History of the Entlebucher
The Entlebucher is the smallest of the four Swiss Breeds. He originates from Entlebuch, a valley spanning the cantons of Lucerne and Bern. The first description under the name Entlebucherhund dates from the year 1889, but for a considerable time afterwards, no difference was made between the Appenzell and Entlebuch Cattle Dogs. In 1913, four examples of this small herding dog with congenital bobtails were exhibited at a show in Langenthal, and introduced to Professor Albert Heim, that great patron of all Swiss breeds. On account of the judges' reports, the Entlebucherhunds were entered into the Swiss Canine Stud Book (SHSB) as the fourth Mountain and Cattledog breed; however, the first Standard was only completed in 1927. Some time after August 1926, the month the Swiss Club of Entlebuch Cattle Dogs was founded, this breed was promoted and continued as pure breed. As there were small numbers of entries in the SHSB shows, the breed developed quite slowly. The Entlebuch Cattle Dog received renewed interest when, apart from his hereditary qualities as a lively, tireless driving dog, his outstanding suitability as a utility and companion dog was proven. Today, still on a modest scale, this attractive tri-coloured dog has found his admirers and enjoys popularity as a family dog.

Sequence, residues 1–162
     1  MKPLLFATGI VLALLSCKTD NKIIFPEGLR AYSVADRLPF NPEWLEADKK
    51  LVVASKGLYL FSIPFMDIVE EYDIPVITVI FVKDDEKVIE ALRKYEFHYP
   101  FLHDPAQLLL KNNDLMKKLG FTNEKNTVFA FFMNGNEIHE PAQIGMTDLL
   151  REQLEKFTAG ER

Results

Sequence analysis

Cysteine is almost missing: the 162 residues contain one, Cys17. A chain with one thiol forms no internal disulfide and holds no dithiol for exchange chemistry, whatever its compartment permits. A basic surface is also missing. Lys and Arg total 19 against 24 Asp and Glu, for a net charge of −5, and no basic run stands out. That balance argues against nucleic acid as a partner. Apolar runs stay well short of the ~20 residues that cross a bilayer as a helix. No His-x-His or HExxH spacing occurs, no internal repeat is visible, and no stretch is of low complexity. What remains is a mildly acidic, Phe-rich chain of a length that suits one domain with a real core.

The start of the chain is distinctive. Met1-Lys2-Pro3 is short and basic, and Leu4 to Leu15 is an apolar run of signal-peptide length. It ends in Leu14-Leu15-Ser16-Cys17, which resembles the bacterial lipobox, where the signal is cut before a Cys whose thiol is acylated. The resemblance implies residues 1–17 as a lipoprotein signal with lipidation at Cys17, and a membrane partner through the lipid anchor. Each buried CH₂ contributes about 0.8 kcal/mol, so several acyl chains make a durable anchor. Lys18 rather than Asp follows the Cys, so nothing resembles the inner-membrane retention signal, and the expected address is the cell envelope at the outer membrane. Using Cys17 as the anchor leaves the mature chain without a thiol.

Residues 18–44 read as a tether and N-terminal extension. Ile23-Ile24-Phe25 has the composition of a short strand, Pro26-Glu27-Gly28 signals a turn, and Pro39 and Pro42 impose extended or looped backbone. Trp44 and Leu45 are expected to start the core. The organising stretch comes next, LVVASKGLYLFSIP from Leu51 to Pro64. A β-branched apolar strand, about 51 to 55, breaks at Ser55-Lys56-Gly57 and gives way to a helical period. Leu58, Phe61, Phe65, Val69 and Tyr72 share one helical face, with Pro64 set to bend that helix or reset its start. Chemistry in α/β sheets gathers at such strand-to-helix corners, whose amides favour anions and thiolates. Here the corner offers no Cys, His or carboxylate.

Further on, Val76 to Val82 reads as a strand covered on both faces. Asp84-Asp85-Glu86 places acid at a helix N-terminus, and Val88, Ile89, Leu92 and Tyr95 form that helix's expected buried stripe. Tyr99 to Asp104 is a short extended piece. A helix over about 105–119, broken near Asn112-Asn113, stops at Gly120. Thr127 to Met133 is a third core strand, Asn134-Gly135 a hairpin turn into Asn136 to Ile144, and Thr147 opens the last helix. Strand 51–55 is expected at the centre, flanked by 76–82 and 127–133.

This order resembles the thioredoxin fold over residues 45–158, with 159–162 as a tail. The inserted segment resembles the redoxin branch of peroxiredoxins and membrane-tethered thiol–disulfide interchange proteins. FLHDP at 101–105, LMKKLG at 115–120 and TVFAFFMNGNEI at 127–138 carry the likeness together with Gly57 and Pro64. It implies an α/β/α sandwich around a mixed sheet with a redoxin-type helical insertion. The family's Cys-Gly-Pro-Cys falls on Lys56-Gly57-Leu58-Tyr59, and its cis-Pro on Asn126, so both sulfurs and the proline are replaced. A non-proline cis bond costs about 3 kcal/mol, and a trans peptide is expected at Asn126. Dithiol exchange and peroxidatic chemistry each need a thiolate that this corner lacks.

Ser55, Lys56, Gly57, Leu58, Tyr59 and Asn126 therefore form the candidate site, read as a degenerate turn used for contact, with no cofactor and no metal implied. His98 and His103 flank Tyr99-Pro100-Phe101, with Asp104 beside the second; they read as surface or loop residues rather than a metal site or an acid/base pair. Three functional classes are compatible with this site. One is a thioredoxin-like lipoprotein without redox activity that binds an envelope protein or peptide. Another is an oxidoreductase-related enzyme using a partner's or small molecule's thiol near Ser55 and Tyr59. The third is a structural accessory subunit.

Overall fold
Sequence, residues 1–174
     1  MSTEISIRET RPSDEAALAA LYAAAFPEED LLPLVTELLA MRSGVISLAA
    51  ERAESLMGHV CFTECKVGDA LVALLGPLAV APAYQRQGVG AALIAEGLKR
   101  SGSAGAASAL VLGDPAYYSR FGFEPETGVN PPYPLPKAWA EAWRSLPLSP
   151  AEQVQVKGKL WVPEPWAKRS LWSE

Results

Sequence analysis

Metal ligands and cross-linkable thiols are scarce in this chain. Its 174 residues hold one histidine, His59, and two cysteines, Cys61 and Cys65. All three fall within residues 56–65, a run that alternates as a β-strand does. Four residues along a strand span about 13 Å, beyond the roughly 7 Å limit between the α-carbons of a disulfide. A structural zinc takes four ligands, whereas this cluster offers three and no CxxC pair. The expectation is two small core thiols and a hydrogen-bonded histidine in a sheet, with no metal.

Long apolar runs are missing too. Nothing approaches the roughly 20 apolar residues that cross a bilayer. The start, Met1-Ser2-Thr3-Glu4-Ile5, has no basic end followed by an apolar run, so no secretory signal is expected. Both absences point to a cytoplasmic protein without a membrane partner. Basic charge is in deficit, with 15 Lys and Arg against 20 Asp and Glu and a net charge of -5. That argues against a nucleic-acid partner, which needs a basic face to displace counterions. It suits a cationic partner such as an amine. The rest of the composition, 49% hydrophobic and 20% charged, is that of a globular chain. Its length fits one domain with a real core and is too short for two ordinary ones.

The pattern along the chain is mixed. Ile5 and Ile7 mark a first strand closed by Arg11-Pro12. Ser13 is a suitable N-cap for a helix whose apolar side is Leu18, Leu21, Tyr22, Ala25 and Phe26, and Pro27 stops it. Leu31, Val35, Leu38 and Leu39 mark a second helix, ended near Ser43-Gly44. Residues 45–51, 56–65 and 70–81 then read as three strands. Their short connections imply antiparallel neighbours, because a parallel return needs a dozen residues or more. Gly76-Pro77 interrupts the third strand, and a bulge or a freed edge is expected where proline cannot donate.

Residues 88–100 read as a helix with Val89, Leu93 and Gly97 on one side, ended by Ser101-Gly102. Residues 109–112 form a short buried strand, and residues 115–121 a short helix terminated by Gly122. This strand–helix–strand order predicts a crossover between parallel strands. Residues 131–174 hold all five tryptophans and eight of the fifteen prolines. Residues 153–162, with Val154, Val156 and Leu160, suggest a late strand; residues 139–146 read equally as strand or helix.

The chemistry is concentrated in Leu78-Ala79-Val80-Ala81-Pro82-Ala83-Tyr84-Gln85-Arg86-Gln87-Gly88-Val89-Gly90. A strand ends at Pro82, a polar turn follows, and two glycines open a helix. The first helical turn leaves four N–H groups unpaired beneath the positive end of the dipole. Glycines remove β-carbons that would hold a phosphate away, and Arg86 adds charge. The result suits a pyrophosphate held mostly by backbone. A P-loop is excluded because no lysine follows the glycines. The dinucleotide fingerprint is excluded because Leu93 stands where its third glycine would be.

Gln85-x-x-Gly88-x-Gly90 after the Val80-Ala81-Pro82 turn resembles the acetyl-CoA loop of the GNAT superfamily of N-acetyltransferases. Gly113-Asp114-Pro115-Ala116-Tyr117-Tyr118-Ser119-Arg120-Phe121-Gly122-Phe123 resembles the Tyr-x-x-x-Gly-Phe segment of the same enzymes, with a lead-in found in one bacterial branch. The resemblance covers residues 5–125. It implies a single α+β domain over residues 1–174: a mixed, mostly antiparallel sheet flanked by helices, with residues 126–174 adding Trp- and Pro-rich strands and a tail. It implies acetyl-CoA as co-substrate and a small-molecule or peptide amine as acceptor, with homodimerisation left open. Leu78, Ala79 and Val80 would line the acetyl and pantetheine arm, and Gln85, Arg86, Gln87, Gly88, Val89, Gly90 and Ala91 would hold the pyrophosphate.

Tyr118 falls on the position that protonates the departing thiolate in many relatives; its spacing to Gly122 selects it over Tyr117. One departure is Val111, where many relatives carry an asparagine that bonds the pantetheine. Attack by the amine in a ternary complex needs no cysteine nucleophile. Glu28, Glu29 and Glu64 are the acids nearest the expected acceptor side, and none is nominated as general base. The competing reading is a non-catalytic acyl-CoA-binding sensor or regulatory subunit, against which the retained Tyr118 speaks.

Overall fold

Ch. Xella-Excella v. Kornried
Ch. Great Earl of Duke v. Adhem
Qualities of the Entlebucher
Lively, high spirited, self-assured, and fearless, the Entlebucher is an all-around performer. With his good temper and devotion towards people familiar to him, he not only excels, but enjoys protecting his companions. While slightly suspicious of strangers, he soon warms up to those unfamiliar to him. Always cheerful and capable of learning, he sometimes finds himself getting into mischief. Whether running an agility course, herding cows and sheep, going for long hikes, or just lounging around the house, the Entlebucher is truly a "do everything" dog.